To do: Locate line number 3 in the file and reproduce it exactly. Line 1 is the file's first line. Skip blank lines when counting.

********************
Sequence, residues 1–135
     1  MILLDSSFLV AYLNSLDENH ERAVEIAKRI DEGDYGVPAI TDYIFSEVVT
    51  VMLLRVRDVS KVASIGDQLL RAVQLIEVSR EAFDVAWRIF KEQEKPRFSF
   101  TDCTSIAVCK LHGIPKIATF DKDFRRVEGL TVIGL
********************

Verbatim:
    51  VMLLRVRDVS KVASIGDQLL RAVQLIEVSR EAFDVAWRIF KEQEKPRFSF